Morning dawned upon the awful scene, the men crushed beneath the weight from which the boys were unable to extricate them. They cried for water and the boys poured the powder from the horns and brought it. The boys were bewildered and knew not the way home, the only source from which help could come. The day passed away, night came and no relief; another day and night of the most intense suffering to which any human beings were ever subjected passed away. Their friends at home, alarmed at their long absence, were searching for them, and late in the evening of the fourth day, Josiah Harrison, a brother of one of the unfortunate men, found them.
What a sight met his gaze! Death had already relieved his brother from his suffering, and Green was speechless while the boys were famishing and ready to die of wounds. He put them upon the horse, which he had been riding, and hastened home for assistance. As he departed Green turned and cast one longing look of despair after him. He conducted the boys home, and having secured assistance hastened back to the terrible spot, but when they arrived Green's spirit had taken its flight and he, too, was no more. Only two masses, crushed almost beyond recognition, remained.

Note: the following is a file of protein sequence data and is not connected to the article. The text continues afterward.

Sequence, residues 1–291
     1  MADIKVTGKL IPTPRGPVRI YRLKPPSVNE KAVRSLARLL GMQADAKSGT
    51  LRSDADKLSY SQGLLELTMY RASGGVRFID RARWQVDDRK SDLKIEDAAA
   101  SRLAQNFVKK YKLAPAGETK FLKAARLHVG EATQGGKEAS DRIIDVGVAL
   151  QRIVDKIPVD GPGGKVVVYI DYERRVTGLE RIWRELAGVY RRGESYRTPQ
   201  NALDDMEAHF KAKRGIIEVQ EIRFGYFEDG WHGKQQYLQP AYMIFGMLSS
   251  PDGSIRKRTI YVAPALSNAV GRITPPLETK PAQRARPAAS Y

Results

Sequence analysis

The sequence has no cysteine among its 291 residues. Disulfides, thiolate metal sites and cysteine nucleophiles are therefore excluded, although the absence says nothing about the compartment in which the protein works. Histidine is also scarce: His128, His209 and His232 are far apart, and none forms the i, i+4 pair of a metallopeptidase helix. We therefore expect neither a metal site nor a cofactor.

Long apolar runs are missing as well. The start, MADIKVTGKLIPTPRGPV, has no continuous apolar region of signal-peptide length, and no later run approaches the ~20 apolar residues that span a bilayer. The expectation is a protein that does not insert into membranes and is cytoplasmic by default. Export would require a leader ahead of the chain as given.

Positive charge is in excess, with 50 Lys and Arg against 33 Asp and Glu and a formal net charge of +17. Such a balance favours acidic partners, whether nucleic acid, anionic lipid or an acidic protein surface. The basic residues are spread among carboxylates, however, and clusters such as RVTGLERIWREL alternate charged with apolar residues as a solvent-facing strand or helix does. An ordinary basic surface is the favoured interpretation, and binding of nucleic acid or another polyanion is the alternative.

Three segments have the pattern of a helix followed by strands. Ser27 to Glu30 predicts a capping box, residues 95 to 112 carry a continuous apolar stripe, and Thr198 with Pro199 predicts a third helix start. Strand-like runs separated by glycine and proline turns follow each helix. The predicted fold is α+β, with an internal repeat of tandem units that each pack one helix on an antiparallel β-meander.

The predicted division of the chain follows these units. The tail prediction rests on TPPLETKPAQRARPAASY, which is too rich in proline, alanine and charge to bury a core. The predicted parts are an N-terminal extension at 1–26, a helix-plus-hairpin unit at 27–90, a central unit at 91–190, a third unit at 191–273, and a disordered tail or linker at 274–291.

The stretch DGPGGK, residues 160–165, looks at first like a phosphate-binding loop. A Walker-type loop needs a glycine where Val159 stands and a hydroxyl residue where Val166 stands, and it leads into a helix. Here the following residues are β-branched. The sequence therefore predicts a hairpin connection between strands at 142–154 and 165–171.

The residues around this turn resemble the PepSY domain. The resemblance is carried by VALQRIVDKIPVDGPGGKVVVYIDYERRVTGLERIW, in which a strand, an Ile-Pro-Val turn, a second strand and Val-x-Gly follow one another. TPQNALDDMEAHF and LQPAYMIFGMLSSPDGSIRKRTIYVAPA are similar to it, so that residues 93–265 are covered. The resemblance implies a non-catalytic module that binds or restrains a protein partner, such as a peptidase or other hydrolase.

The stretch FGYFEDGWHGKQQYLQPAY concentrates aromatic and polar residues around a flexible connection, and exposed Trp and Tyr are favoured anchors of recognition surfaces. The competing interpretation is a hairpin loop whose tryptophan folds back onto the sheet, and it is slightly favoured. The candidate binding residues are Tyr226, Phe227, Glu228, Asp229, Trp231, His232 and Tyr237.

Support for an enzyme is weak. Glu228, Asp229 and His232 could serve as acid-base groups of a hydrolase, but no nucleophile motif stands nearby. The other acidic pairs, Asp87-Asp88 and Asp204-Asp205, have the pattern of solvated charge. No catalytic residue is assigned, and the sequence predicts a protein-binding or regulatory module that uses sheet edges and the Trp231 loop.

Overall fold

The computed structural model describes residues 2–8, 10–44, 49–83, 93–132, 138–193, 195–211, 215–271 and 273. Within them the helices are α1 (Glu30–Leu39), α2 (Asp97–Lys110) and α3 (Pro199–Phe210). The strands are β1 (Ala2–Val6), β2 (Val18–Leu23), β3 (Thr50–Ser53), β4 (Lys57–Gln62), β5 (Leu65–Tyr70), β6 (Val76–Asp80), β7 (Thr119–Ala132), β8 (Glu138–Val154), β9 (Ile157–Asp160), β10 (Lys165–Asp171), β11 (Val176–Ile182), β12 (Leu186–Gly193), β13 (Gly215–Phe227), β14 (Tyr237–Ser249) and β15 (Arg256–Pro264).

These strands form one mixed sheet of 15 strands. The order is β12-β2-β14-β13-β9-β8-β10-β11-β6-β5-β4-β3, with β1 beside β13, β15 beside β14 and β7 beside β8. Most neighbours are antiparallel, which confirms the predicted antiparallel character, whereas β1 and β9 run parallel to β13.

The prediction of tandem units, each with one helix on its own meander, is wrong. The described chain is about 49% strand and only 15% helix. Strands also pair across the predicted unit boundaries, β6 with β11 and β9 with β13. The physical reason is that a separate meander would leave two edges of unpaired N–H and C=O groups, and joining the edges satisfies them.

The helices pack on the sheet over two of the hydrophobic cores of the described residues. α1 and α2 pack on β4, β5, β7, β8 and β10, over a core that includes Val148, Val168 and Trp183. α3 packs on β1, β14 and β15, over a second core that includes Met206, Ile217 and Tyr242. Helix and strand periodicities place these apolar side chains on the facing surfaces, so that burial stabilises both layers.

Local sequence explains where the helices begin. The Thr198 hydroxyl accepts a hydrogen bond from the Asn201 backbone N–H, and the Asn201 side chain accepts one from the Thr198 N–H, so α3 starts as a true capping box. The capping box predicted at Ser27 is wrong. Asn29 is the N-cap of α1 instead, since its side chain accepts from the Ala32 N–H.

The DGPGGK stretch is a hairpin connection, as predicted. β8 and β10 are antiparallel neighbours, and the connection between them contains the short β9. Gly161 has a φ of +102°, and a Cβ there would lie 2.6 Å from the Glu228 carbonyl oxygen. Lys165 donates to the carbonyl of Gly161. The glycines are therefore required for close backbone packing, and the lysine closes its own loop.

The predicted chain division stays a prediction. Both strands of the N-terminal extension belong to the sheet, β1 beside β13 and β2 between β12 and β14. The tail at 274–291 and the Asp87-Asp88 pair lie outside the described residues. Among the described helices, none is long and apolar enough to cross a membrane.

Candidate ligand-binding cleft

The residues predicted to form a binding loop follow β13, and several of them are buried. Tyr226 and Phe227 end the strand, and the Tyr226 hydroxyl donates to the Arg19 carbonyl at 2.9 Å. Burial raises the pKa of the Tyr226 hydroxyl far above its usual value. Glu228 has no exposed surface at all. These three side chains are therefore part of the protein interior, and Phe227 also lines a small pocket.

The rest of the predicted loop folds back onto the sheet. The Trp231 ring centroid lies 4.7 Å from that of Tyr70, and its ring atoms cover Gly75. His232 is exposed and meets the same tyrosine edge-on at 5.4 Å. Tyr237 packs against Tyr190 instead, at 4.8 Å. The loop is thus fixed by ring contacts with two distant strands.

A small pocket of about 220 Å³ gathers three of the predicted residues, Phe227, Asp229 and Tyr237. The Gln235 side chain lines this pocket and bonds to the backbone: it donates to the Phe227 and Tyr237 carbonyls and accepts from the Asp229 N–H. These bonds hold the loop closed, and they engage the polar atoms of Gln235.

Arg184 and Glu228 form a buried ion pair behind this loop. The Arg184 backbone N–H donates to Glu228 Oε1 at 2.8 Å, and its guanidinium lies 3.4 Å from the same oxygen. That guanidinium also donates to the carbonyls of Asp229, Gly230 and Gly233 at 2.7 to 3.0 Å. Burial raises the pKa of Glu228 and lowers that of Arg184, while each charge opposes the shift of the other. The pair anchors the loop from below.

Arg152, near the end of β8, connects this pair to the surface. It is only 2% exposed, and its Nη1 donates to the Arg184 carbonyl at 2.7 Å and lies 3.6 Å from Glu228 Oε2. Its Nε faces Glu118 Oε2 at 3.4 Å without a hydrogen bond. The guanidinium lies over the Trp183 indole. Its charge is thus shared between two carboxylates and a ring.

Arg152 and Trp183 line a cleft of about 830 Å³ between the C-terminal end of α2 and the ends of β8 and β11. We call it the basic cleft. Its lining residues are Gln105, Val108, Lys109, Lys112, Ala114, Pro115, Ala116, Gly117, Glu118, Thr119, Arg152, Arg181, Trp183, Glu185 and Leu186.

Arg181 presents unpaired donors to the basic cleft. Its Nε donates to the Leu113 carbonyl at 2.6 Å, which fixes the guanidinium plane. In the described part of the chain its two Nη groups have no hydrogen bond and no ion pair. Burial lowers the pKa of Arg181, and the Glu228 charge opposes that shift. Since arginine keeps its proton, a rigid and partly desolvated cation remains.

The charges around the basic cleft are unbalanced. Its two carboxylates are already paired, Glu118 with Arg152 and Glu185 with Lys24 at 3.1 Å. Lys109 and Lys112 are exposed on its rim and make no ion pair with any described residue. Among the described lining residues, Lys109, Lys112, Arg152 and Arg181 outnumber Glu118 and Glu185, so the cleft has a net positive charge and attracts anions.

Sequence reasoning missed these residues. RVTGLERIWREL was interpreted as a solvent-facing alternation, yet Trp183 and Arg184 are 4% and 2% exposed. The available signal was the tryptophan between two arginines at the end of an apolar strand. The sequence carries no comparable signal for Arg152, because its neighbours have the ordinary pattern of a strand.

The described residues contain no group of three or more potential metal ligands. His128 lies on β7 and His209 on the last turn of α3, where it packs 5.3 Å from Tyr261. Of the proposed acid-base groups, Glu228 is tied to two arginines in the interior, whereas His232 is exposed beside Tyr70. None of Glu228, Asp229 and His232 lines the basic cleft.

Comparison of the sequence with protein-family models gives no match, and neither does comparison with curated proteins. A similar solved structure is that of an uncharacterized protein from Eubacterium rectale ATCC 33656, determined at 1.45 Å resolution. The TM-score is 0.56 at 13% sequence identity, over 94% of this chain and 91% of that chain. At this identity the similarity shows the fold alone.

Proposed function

The rock was removed and the bodies taken out. No useless coffins enclosed them; logs were cut from which slabs were split, then narrow graves were dug, a slab placed in the bottom, then two others were placed upon edge, the bodies were placed within, another slab covered them, and all that was mortal of Charles Green and Alexander Harrison was buried at the entrance of the cave where they now repose. Both boys recovered and grew to manhood. Zebulon Harrison died a few years since, and Edward Green, familiarly known as "Uncle Neddy" Green, yet survives, and resides upon the waters of Grass Lick creek in this county.